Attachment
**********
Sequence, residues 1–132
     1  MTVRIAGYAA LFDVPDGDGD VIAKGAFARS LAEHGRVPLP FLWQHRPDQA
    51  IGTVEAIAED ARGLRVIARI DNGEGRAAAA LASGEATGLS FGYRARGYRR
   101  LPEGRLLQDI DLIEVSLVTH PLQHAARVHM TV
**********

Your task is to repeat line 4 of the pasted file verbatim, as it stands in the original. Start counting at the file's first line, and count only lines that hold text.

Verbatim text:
   101  LPEGRLLQDI DLIEVSLVTH PLQHAARVHM TV